The AIDS epidemic was not in the list of Nakajima’s priorities. By virtually ignoring the seriousness of the disease, the WHO had undermined any effective global strategy to stop the spread of the AIDS pandemic.
Earlier in 1990 and 1991, the WHO had projected that tens of millions of people will die of the disease by 2000.
International agencies, like the World Bank, even found a ‘silver lining’ in the AIDS disaster sweeping Africa. In an internal World Bank study in June 1992, it was stated that ‘if the only effect of the AIDS epidemic were to reduce the population growth rate, it would increase the growth rate of per capita income in any plausible economic model’. Speaking to the Washington Post, South African economist Alan Whiteside said, ‘Only the World Bank would put that on paper’.
This shameful catalogue of utter indifference, willful neglect, and denial of the looming calamity continues.
James Sherry, director of programme development for UNAIDS, says it plainly: ‘I can’t think of the coming of any event which was more heralded to less effect. It still hasn’t changed. In terms of real deployment of resources, it hasn’t changed. The bottomline is, the people who are dying from AIDS don’t matter in this world.’
More shocking is the revelation that the AIDS pandemic was a deliberate policy to depopulate Africa and elsewhere.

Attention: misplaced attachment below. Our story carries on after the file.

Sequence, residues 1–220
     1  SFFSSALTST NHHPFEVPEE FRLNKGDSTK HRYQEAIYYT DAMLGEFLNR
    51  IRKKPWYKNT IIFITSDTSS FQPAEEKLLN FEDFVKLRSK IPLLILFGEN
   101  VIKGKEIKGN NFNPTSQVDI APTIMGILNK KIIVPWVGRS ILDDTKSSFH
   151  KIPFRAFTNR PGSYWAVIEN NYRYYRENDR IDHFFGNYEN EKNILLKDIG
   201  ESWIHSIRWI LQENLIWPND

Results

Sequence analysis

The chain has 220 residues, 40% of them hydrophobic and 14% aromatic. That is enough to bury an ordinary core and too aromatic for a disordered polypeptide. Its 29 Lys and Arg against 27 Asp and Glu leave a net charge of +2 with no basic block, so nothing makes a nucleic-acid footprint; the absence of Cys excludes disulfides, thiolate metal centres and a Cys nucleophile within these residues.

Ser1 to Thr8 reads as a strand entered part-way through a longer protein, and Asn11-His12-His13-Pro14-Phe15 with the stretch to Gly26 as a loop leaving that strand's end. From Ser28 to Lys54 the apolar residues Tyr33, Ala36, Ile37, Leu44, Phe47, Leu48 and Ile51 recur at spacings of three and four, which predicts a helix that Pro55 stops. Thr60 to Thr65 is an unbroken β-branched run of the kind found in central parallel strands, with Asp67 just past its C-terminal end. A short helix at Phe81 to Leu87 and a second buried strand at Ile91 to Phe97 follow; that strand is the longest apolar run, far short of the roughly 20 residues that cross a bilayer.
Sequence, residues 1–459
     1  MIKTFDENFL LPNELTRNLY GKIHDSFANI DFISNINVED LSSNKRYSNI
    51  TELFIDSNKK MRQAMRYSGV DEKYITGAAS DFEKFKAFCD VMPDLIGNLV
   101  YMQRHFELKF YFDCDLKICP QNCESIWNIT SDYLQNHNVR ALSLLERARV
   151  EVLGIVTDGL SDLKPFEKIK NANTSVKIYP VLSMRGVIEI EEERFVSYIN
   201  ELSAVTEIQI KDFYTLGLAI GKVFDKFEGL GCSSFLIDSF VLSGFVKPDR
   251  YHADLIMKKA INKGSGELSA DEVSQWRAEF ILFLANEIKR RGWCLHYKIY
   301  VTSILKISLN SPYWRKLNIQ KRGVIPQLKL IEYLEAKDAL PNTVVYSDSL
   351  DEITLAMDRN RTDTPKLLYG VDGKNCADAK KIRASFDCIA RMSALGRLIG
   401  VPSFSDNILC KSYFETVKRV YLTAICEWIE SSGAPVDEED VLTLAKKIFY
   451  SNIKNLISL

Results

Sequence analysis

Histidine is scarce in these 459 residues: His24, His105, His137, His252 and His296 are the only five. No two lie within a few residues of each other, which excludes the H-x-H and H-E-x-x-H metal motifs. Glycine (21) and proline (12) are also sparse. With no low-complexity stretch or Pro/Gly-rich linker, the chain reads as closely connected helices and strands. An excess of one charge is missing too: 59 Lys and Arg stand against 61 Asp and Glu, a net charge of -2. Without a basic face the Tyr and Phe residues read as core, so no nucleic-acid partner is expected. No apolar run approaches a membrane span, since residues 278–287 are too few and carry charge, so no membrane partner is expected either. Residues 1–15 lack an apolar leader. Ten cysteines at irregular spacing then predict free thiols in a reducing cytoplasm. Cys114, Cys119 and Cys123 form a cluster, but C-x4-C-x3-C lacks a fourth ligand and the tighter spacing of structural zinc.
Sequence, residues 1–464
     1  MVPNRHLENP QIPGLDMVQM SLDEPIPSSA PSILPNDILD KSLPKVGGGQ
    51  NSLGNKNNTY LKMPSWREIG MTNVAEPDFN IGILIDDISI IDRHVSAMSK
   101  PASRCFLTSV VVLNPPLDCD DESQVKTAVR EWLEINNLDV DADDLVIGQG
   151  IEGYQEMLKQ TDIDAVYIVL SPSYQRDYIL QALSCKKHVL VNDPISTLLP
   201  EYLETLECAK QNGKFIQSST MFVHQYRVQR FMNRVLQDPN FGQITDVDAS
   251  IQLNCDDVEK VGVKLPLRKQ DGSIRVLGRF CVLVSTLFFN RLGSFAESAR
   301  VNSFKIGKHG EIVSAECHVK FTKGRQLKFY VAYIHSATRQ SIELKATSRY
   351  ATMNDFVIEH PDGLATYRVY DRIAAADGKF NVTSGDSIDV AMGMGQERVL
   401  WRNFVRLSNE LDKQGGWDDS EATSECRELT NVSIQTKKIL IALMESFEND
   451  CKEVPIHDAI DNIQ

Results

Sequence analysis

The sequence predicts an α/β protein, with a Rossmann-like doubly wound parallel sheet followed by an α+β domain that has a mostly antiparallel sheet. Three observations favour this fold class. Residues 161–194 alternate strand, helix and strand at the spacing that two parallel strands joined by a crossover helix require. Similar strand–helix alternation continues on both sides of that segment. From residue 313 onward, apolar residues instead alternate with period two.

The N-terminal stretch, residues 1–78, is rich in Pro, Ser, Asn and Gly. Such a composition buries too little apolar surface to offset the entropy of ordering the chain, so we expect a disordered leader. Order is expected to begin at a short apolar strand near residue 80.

According to Jeffrey Steinberg, writing in the Executive Intelligence Review of 11 August last year, the battle against AIDS is a fight against the powerful international economic and political forces, which are bent on reducing the population of Africa.
Citing a study commissioned by Kissinger in 1974, who was then the US National Security Advisor and Secretary of State, the National Security Study Memorandum 200 (NSSM-200), which was declassified in late 1989, stated that: ‘The political consequences of current population factors in the LDCs (less developed countries) are damaging to the internal stability and international relations of countries in whose advancement the US is interested, thus creating political or even national security problems for the US’.
The study went on to say that ‘world population growth is widely recognized within the government as a current danger of the highest magnitude calling for urgent measures’.
Further to this, his article quotes Peter Schwartz, a former executive of the Royal Dutch Shell group and founder of the Global Business Network, who had done a study in 1986 on (AIDS) for AT&T, Royal Dutch Shell and Volvo. According to Schwartz: ‘We concluded that people who have AIDS in Africa should not be kept alive; they spread the disease. It is better they should die quickly’.
Meanwhile, AIDS in Africa rages on, leading Africa on the road to catastrophe.